Cupping is an ancient Chinese therapy in which a cup is applied to the skin and the pressure in the cup is reduced (either by heat or suction) in order to draw and hold skin and superficial muscles inside the cup. Cupping has been found to affect the body up to four inches into the tissues, causing tissues to release toxins, activate the lymphatic system, help activate and clear the veins, arteries and capillaries, and activate the skin. Cupping is a good way of deep tissue massage as well.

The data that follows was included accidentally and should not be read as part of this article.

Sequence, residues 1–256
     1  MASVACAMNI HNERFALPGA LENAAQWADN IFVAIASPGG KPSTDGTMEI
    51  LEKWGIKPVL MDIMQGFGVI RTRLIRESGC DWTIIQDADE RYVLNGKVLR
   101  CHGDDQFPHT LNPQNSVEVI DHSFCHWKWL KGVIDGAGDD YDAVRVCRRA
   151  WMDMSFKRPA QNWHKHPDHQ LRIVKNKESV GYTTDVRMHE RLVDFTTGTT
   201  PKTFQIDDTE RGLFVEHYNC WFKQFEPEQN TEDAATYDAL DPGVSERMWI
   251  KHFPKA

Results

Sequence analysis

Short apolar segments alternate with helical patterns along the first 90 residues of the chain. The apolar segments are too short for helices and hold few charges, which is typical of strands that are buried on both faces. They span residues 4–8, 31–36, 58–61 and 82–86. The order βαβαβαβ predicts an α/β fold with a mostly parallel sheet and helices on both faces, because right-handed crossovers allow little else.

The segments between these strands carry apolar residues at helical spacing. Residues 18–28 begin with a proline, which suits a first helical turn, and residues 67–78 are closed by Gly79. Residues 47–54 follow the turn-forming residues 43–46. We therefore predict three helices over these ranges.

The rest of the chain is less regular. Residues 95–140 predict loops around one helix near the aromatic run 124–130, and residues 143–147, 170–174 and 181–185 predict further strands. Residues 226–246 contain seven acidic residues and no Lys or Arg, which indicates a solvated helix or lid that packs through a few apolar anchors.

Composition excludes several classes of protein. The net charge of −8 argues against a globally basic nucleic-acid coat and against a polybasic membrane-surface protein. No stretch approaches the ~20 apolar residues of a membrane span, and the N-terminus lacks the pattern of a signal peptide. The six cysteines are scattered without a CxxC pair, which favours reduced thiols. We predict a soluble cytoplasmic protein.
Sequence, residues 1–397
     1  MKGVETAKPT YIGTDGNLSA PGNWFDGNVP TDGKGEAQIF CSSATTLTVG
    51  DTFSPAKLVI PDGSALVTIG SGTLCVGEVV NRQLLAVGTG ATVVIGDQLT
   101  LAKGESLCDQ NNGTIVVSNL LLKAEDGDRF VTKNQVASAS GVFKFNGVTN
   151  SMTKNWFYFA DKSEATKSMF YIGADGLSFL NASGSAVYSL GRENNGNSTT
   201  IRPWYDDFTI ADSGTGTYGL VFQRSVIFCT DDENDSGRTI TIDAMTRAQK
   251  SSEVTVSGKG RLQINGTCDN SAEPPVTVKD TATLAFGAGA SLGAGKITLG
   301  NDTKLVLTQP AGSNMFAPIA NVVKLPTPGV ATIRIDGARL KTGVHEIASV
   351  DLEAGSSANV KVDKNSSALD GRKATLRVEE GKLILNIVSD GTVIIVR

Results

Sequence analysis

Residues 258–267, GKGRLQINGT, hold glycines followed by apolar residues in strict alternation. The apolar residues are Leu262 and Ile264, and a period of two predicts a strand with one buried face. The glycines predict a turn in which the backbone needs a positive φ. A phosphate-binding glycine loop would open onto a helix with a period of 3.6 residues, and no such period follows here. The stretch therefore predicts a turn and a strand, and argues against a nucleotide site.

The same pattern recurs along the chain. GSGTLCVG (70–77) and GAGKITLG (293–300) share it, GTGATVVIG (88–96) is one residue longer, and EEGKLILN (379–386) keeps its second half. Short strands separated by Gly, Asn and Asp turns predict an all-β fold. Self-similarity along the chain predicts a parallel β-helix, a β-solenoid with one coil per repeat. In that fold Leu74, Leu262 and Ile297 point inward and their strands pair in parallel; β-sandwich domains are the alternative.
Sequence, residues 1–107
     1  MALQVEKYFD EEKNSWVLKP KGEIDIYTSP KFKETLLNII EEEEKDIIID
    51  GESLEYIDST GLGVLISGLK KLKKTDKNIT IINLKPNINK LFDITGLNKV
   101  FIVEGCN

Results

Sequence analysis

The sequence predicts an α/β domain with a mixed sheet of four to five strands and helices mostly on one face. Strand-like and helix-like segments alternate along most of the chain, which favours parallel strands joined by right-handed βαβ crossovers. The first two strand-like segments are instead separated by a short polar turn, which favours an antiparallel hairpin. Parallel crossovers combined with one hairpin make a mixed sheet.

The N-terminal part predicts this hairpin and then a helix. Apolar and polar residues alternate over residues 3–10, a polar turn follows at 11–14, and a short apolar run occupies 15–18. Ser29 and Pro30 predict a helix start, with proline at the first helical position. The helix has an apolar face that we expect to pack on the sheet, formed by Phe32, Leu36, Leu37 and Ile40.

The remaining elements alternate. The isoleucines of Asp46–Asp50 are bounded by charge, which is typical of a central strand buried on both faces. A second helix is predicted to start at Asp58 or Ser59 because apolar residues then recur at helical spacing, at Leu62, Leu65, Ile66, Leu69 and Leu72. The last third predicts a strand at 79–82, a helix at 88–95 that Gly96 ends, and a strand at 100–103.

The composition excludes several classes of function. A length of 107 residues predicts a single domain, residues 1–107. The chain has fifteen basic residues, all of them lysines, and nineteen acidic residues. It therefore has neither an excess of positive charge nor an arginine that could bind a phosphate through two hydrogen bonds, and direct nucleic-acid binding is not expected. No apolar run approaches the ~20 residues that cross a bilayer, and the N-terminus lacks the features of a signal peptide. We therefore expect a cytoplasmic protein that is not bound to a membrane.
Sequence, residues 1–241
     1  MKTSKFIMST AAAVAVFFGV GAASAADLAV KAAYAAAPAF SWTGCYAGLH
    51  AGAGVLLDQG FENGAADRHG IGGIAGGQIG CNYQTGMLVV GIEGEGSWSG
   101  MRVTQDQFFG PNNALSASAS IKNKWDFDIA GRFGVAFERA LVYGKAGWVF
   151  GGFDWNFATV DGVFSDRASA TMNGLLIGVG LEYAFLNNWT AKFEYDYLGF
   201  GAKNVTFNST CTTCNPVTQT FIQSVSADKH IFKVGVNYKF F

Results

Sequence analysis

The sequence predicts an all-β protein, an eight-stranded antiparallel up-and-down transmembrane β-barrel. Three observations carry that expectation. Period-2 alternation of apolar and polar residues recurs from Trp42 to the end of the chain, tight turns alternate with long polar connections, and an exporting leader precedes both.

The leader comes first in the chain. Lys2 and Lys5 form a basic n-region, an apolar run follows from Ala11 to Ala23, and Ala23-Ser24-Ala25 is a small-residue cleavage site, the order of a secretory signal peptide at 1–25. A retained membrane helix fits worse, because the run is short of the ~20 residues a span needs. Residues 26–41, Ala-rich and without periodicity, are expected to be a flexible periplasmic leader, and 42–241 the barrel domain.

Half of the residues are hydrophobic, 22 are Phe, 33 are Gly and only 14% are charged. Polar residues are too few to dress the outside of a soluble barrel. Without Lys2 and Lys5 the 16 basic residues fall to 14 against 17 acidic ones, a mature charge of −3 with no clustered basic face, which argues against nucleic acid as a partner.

However, cupping can cause some swelling and bruising on the skin. With the skin under a cup drawn up, local blood vessels will expand. This may result in small circular bruises on the areas where the cups were applied. Depending on the degree of toxicity in the muscle tissue, treatment will result in either only a slight reddening of the skin for slight toxicity, or a rather nasty looking bruise of high toxicity. These bruises are usually painless, however, and will disappear within a few days of treatment.